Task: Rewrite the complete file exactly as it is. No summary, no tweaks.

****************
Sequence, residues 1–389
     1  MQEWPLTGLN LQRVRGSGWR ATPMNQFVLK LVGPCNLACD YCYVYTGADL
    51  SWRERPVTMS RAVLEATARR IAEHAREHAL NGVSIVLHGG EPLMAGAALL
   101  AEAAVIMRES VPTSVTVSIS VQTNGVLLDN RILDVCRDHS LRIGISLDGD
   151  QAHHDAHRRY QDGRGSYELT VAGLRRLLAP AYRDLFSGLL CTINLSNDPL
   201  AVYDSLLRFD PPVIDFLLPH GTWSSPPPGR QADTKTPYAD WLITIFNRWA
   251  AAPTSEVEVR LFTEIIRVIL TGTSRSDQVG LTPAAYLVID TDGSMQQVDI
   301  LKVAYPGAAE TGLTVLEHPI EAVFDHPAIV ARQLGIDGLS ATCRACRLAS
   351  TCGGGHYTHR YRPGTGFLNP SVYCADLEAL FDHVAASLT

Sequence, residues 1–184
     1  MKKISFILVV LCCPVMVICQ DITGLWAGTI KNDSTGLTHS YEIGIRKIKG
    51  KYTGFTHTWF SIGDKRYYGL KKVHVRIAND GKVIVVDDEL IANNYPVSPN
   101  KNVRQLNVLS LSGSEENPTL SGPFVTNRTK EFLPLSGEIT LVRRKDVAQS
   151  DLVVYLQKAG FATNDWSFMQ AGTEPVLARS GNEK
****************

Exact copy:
Sequence, residues 1–389
     1  MQEWPLTGLN LQRVRGSGWR ATPMNQFVLK LVGPCNLACD YCYVYTGADL
    51  SWRERPVTMS RAVLEATARR IAEHAREHAL NGVSIVLHGG EPLMAGAALL
   101  AEAAVIMRES VPTSVTVSIS VQTNGVLLDN RILDVCRDHS LRIGISLDGD
   151  QAHHDAHRRY QDGRGSYELT VAGLRRLLAP AYRDLFSGLL CTINLSNDPL
   201  AVYDSLLRFD PPVIDFLLPH GTWSSPPPGR QADTKTPYAD WLITIFNRWA
   251  AAPTSEVEVR LFTEIIRVIL TGTSRSDQVG LTPAAYLVID TDGSMQQVDI
   301  LKVAYPGAAE TGLTVLEHPI EAVFDHPAIV ARQLGIDGLS ATCRACRLAS
   351  TCGGGHYTHR YRPGTGFLNP SVYCADLEAL FDHVAASLT

Sequence, residues 1–184
     1  MKKISFILVV LCCPVMVICQ DITGLWAGTI KNDSTGLTHS YEIGIRKIKG
    51  KYTGFTHTWF SIGDKRYYGL KKVHVRIAND GKVIVVDDEL IANNYPVSPN
   101  KNVRQLNVLS LSGSEENPTL SGPFVTNRTK EFLPLSGEIT LVRRKDVAQS
   151  DLVVYLQKAG FATNDWSFMQ AGTEPVLARS GNEK